In the Centre of the Galaxy by Clark Darlton

It took 10 seconds, then both burst into laughter. Even the lieutenant joined in and forgot his vanished Silver Arrows.

“You sure can handle them, Iltu,” Koster acknowledged. “Do you really think he won’t fight with Ooch over Biggy any more?”

“Not over Biggy but from now on they’ll be fighting over Fippi.”

“Aha, you do know Wullewull well.”

“That, too, but most of all I know Ooch. He begrudges everybody everything. He would even fight over me with Pucky if he didn’t have so much respect for Pucky.”

On the screens the planet had grown larger. Koster and his officers now saw exactly what Pucky and Homunk had seen before them. The surface consisted of coherent landmasses, interrupted only by inland seas; the huge factories, no cities, very little agriculture and the highways. Also expansive spaceports and whole fleets of Silver Arrows.

Koster had their flight speed reduced. They were still in combat readiness. Their protective screen was turned on.

At a height of 100 kilometres, the EX-238 circled the planet in the centre of the galaxy.

On the magnifying screen all details of the surface were plainly visible and shortly after two trips around the planet the observers noticed things to give them something to think about. Several huge robot armies were sweeping over the continent. They had various destinations but always seemed headed toward where the concentration of industry and spaceports was particularly heavy.

The largest of the spaceports was the goal of three different armies, one of which was crossing the flatland in front of the western mountain chain.

Koster had to look twice before he could believe it. “Strange,” he then said. “They’re carrying something in front of them and, if I’m not mistaken, it’s a human figure. It can’t very well be Homunk but it looks just like him.”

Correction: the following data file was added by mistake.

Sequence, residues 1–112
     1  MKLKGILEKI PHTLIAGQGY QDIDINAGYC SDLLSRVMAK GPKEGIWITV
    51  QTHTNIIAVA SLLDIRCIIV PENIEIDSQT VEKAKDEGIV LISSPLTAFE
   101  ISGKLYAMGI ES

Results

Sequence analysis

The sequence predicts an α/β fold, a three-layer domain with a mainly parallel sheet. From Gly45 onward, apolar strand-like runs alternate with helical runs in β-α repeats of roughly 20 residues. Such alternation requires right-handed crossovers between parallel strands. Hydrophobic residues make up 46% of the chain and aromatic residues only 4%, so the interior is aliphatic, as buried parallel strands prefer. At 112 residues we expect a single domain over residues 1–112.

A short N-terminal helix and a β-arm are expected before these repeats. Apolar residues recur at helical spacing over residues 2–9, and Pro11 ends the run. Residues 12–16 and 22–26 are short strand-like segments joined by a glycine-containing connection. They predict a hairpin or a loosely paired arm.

“It’s clearly distinguishable,” the lieutenant confirmed. He was staring at the screen in amazement. “A human figure. There’s some shining metal. Do you suppose it’s some kind of a symbol?”

“The way they’re carrying it in front of the army might lead to that conclusion,” Koster said. “But why should the robots be doing it? That’s no procession there below!”

“It looks like it, though.”

It really did look like it. Unfortunately, a little later when two small and agile Silver Arrows attacked the army with air weapons that shot into the columns of robots, it no longer looked like a procession.

“War!” shouted the lieutenant. “They’re at war there! That makes our mission more difficult. How can we possibly land?”

The attacking ships turned around after a short while and disappeared in the direction of the city. The robots that were destroyed stayed where they had fallen while the rest of the army continued its march. In front, the human statue was on a stand carried by 4 robots.

“We’ll try to make our peaceful intentions known to them before we land,” Lan Koster said with determination. “Until now they’ve ignored us completely. Either they’re too busy with their own affairs or they think we’re not dangerous. That would suit us fine.”

At a low altitude the EX-238 flew toward the city, losing still more altitude. Three or four Silver Arrows crossed their path but they avoided them in good time and changed their course. Once they could even see an air battle. Two small spaceships were shooting at each other until one plunged down and disappeared in the flames of an explosion. Only a smoking crater was left in the middle of a long, flat building.

Above the spaceport, Koster turned off the explorer ship’s engines. The gigantic sphere was now held only by gravitational fields and floated motionlessly over the landing field at an altitude of 500 meters. All the protective screens had been activated to prevent a surprise attack. In weapons control, the men sat behind the fire control panel and waited for the order to attack. The order did not come.

Far below the battle raged for the possession of the spaceport.

The approaching army with the human statue was still 20 kilometres away but it looked as if dissension had broken out within the city itself. A strong police cordon surrounded the spaceport. It was attacked by apparently disorganized troops and independent hordes of different kinds of robots. The battle they saw now was more gruesome than anything the crew of the EX-238 had ever seen. Of course only mechanical beings were destroying each other but they used every imaginable method in doing so. It was also precisely the mechanical nature of the combatants that made this gruesomeness necessary. A robot would cease fighting only when its brain was destroyed. And he was not afraid of being destroyed. They were not motivated by self-preservation; their only goal was to disable their opponents.